(1993) America. Land of the fifty-five mile per hour speed limit, one year waiting lists for Harley Davidson motorcycles and an almost unquenchable thirst for horsepower has been without a sporting single for some time now. The era of kick starters and de-compression mechanisms is well behind us, perhaps permanently, and it is important that we not loose sight of one of the finest singles of all time: the 1986 SRX600.
By almost all definitions the SRX is a fantastic all-round motorcycle, it debuted with a low price, distinctive looks, and handling just a click away from a lightweight racing-only machine. Moreover, if your tastes run to modifying your machine for high performance uses, the SRX is one of the very best motorcycles of the past decade. Here at SR we're resounding in our affection for the mighty SRX, three Peterson writers have owned this model in their personal collections at one time or another while Nick Ienatsch started his illustrious racing career aboard a none too stock SRX.
Where did it come from? As with most cult bikes, it all began with the clever ingenuity of the Japanese. After the whupping American dealers took on the original Yamaha SR500 single in the late seventies, not a one yearned to dust off another un-sold Yamaha street-only single in their showroom for a year or four.
Yet, on the other side of the globe, in Japan, the SRX enjoyed a vast following. Although they were stuck with a 400cc model originally, Japanese dealers had no problem tossing SRX4s out the door at an unprecedented rate. Japanese enthusiasts loved the bike and the mystique of the quirky single; they weren't hung up on the fact that it was as slow as Shinichi Itoh at the Nurburgring.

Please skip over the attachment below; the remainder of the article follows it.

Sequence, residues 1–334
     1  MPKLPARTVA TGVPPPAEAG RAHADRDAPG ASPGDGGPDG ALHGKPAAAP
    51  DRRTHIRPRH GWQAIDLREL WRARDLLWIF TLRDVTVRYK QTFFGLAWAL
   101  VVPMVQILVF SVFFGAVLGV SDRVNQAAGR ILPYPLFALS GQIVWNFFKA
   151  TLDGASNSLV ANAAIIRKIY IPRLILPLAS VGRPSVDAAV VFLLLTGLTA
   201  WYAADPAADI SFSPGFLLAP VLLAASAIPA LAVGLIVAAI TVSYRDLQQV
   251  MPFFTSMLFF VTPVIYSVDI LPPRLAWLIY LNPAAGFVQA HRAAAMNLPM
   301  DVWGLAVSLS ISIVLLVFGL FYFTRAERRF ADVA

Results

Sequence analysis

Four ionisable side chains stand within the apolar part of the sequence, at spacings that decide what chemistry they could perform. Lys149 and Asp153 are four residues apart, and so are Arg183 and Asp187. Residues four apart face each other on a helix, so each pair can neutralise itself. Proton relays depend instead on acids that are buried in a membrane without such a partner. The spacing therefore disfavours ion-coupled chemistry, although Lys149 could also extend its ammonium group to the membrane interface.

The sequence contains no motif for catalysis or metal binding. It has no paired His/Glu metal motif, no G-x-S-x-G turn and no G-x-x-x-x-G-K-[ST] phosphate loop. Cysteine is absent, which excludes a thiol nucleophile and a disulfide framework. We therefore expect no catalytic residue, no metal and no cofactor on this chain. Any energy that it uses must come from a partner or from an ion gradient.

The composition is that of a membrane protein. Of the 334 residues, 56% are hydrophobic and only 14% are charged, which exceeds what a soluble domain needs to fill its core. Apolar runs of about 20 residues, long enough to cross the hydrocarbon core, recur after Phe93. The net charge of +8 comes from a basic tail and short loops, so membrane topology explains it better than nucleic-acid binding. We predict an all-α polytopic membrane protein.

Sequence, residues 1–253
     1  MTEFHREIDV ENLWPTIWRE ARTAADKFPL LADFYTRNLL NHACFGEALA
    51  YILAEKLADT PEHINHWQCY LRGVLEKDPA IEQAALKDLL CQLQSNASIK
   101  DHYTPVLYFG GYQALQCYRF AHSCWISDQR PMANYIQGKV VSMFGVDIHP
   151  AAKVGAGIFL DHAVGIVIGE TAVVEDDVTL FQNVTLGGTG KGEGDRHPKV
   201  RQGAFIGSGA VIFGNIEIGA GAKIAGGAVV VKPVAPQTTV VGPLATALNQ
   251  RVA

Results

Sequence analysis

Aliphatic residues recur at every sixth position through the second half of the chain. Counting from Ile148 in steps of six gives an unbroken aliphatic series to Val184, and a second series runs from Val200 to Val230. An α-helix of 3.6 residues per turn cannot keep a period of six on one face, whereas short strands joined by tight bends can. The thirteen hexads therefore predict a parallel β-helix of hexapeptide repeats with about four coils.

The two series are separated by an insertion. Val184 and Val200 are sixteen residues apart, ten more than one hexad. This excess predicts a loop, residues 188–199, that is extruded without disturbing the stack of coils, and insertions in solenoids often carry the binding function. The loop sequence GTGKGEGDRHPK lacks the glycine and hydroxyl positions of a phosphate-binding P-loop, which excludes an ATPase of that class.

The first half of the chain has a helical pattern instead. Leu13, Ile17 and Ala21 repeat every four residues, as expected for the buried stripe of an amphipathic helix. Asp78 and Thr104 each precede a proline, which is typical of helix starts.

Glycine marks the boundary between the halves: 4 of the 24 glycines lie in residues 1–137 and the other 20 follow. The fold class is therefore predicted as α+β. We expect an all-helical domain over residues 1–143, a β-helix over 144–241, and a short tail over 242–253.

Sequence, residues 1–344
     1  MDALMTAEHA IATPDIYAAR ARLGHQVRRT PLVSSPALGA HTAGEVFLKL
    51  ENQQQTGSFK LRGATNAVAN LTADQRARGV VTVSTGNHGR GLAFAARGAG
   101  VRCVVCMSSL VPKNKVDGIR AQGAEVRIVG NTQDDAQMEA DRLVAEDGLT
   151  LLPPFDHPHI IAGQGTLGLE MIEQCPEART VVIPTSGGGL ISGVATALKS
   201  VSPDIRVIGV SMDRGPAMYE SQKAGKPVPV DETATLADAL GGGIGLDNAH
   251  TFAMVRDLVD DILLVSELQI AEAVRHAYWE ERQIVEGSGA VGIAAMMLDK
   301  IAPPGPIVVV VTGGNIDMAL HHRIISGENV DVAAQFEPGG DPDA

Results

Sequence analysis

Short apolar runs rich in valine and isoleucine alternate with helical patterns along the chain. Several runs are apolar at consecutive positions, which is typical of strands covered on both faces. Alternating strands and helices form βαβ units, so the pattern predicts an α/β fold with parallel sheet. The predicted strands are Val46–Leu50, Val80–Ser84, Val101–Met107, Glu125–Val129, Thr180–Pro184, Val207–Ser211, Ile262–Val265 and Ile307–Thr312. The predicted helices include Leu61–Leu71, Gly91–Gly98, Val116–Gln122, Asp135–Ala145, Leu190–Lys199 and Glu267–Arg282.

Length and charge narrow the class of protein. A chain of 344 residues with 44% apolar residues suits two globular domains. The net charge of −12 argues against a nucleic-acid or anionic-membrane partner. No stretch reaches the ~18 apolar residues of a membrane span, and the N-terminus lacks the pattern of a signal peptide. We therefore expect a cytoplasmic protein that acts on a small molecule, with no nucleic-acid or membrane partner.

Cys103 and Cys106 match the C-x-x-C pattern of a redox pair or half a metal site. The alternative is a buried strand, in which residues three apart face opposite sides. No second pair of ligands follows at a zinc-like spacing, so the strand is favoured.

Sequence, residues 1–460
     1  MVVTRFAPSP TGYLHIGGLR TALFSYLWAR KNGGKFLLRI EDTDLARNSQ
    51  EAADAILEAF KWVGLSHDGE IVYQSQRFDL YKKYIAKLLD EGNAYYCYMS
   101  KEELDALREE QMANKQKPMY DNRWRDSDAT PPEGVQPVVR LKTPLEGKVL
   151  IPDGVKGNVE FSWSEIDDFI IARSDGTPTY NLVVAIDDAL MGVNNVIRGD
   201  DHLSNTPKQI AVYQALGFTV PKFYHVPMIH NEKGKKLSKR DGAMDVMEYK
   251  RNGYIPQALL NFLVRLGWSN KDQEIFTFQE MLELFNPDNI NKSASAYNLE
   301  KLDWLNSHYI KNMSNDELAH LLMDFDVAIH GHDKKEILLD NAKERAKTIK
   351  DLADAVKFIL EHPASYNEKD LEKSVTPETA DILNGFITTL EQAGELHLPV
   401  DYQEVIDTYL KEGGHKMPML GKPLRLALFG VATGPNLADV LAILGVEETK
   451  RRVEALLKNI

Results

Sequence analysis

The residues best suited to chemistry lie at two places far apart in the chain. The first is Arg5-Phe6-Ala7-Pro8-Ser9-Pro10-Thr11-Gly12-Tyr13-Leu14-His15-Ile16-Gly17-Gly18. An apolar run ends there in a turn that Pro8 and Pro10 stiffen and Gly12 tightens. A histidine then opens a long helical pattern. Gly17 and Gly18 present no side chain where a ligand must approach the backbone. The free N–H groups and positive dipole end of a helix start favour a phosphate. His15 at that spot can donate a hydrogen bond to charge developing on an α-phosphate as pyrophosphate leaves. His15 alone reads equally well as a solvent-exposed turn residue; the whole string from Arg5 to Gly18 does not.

And so it was that in 1986 the Yamaha SRX 600 came to America, only to hear a dry, collective yawn from nearly everyone who gazed in the direction of the six and its meager little brother, the SRX250. In a world governed by triple digit horsepower numbers, multi-cylinder engine configurations and a sales audience that knew the class acceleration figures better than their own social security numbers, none too surprisingly, the SRX found that with one cylinder, forty horsepower and fourteen second quarter mile times, nearly everyone ignored its existence like a cheerleader's younger brother.
Historically, one-lungers have never had an easy existence in the Colonies. Remember Honda's Ascot series of thumpers? Shaft drive ... dirt track styling ... low price ... it seemed to have everything needed for a sales success. But, the bikes sat on the sales floor so long it seemed like a customer might possibly contact leprosy upon touching the fuel tank. Buying one, for most people, was unimaginable under any circumstances short of needing an expensive boat anchor.
Honda, ever the knee-jerk company, recovered quickly and threw another cylinder at the Ascot the next sales year only to discover most motorcyclists regard quirky twins almost as lowly as they do singles. Ascots are in the classifieds every day for less than, sometimes a lot less than, five hundred dollars.